Though there is no information about Mortlake Cemetery, the two public Catholic cemeteries in London, St Mary's Kensal-green and St Patrick's at Leyton, have chaplains in attendance for interments between 2.00 pm and 4.00 pm every day.  Single interments, all fees included, are a guinea (£1.05) for adults, and 15/- (75p) for children under 10.
 
(I offered a few weeks ago to include such details as are available for any parish which was open in 1862 or 1863: let me know if there's one you are interested in.)


13 December 2014

Third Sunday of Advent 1862

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14 SUNDAY, 3rd Sunday of Advent, semidouble. Violet. Vespers of the Octave of the Immaculate Conception (the First Vespers of the Feast are used) with commemoration of Sunday. White. [In diocese of Hexham and Newcastle Plenary Indulgence.]

15 Monday, The Octave of the Immaculate Conception, double. White.

16 Tuesday, St Eusebius, Bishop Martyr, semidouble. Second prayers of 3rd Sunday of Advent, third prayers of the BVM. Red.

17 Ember-Wednesday, feria. Second prayers for the dead (Fidelium), third prayers of the BVM. Violet. FAST.

18 Thursday, The Expectation of the BVM, greater double. Creed. Preface of the BVM. White. Plenary Indulgence.

19 Ember-Friday, feria. Second prayers for the dead (Fidelium), third prayers of the BVM. Violet. FAST.

20 Ember-Saturday, Vigil of St Thomas Apostle. Mass of Ember-day. Second prayers of Vigil, third prayers of the BVM. Violet. FAST.

It is instructive that as we go into the third Sunday of Lent there is no mention of rose coloured vestments, of flowers being allowed on the altar, or any other of the small signs which would be indicated rubrically a century later. This is because the ornate Italianate style is still a novelty, indeed a dangerous novelty in the eyes of many, and most priests would still be suspicious of it.

This is an Ember Week, one of four weeks in the year where the faithful fast and implore blessings of God in the new season.  Fasting should also prepare by penance those who are about to be ordained, because ordinations would normally take place on the Ember Days.  Our fasting will help us pray more reverently for good priests.

We celebrate the Octave of the Immaculate Conception from first Vespers on Sunday until the end of Monday: this means that there are liturgical prayers to Our Lady every day this week, and two feasts: the Octave, and, on Thursday, a week before the feast of Christ's birth, we celebrate the Expectation of the BVM.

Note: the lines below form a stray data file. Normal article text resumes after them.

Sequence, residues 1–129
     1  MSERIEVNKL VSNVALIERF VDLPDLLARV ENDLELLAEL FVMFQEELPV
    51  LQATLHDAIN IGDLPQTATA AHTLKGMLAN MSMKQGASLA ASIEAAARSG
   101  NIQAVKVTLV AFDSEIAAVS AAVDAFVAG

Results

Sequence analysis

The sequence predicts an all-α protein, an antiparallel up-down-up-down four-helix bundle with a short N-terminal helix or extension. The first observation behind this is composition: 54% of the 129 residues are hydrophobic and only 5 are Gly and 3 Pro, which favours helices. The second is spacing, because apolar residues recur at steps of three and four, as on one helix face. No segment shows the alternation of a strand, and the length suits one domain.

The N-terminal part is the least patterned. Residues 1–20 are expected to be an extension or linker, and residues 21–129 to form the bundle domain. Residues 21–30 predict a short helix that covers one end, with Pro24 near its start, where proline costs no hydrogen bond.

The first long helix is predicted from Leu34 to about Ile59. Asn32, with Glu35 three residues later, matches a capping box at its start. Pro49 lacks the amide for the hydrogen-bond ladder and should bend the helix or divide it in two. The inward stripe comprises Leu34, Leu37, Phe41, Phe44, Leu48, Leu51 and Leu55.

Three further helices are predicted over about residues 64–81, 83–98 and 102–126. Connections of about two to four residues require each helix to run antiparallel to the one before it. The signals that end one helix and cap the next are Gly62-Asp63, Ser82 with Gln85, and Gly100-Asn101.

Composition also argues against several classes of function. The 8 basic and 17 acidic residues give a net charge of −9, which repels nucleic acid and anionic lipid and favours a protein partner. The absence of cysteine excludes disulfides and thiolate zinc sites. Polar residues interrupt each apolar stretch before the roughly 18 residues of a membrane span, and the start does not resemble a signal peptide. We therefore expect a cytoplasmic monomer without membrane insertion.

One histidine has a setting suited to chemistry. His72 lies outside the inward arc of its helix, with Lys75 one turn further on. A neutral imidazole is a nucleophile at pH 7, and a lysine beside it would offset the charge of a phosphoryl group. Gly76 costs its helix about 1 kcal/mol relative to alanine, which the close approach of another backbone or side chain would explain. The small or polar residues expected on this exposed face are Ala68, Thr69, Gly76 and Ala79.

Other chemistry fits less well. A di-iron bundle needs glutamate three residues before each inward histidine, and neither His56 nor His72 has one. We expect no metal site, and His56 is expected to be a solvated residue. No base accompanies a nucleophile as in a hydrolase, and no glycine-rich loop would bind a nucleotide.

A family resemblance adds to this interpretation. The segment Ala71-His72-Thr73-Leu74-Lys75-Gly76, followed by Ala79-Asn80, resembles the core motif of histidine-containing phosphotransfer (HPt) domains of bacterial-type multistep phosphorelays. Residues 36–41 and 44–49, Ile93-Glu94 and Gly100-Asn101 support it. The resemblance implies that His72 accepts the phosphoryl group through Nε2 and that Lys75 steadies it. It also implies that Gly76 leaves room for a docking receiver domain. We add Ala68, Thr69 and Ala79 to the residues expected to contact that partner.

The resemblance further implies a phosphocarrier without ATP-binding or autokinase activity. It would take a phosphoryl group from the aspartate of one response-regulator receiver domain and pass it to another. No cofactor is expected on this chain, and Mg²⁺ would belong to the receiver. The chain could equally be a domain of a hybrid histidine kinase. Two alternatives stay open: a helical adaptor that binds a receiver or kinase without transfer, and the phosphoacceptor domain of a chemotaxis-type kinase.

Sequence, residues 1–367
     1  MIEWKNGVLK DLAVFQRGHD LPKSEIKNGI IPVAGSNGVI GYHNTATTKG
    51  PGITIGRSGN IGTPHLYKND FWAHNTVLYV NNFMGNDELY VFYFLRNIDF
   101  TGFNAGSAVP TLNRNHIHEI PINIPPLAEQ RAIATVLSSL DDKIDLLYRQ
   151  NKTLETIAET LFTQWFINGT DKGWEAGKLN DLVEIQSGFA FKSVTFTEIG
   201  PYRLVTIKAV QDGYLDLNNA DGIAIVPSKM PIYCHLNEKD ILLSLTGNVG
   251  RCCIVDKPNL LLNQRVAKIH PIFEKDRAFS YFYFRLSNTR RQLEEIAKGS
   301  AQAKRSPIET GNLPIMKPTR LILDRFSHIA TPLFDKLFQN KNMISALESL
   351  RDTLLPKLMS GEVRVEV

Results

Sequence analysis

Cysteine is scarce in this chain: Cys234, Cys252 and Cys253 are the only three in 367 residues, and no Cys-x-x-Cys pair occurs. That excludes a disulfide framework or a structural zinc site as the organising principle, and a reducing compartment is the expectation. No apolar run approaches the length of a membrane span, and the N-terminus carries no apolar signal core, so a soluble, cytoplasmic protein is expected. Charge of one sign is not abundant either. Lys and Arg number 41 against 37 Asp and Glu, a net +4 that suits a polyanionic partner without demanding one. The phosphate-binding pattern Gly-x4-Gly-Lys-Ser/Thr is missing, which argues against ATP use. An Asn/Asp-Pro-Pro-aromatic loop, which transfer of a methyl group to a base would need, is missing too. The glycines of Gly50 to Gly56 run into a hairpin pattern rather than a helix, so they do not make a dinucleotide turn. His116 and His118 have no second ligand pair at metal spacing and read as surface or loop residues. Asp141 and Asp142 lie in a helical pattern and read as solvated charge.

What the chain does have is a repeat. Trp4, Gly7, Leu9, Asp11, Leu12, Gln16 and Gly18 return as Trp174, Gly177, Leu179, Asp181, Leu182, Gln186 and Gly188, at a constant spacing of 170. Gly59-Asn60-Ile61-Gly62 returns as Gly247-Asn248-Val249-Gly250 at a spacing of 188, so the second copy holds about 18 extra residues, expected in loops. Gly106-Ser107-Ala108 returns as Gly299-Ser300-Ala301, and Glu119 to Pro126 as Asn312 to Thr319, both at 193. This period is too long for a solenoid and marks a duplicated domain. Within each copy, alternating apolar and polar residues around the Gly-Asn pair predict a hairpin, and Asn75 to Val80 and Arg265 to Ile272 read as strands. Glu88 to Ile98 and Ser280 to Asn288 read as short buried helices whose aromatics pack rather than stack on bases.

This is one of the most affecting and human feasts of the year.  It is hard to imagine a man or a woman, a boy or a girl, who cannot sympathise with the discomfort of a mother a week away from giving birth, especially a mother who is journeying and who has nothing to sustain her but the love of her husband and the promise made to her by an archangel nearly nine months previously. The Mass is Rorate, except for the last verse of the Gradual, which is "Behold, a virgin shall conceive and bring forth a son, Jesus Christ, Alleluia".

This feast is celebrated pretty well everywhere, but an American visitor to England and Wales might have felt the lack of Wednesday's feast of St Lazarus Born Again to Life, which was particular (in the English-speaking world at least) to the United States.  I can't help feeling that the American dioceses are on to something here, much as the diocese of Salford's celebration of the feast of the Good Thief struck me as being particularly apposite.

Finally, on Saturday, we will celebrate the Vigil of St Thomas the Apostle (though for the third Sunday in a row the Sunday of Advent displaces the feast itself).  Because it is an Ember-day, the Vigil is only commemorated.  There are  five collects, lessons and graduals (and a hymn) which are proper to this Ember-Saturday, and precede the prayers listed above.

Ember Days are ancient: they date from the time of (if not personally from) Pope Callistus (217-223) and were probably instituted as Christian alternatives to the seasonal agricultural festivals celebrated by pagans. For some centuries they were observed only in Rome, but came to England with St Augustine, and were then taken by Anglo-Saxon missionaries to Germany and Gaul in the eighth and ninth centuries, from where they spread to Spain only in the tenth and eleventh centuries: they never were adopted in the East.  The celebration of all of the propers of Ember-Saturday seems to have become optional during the reforms of either Pius XII or John XXIII.

According to Bugnini: "The Ember Days are to be celebrated at times and on days to be determined by the episcopal conferences, provided that that they are in harmony with the seasons and thus truly correspond to the purposes for which they are established." Pope Paul VI insisted that prayers for vocations to the priesthood should be part of the replacement.  It is sad that 1750 years of tradition could have been tossed aside, unnoticed, such that few Catholics under the age of sixty will have any idea what the term "Ember Days" refers to.  I have no idea when the "not Ember Days" are celebrated in England and Wales: surely nobody was so cloth-earedly aliturgically illiterate as to offer us Family Fast Days in their place? That CAFOD rather than vocations should become their object? Surely, surely, not!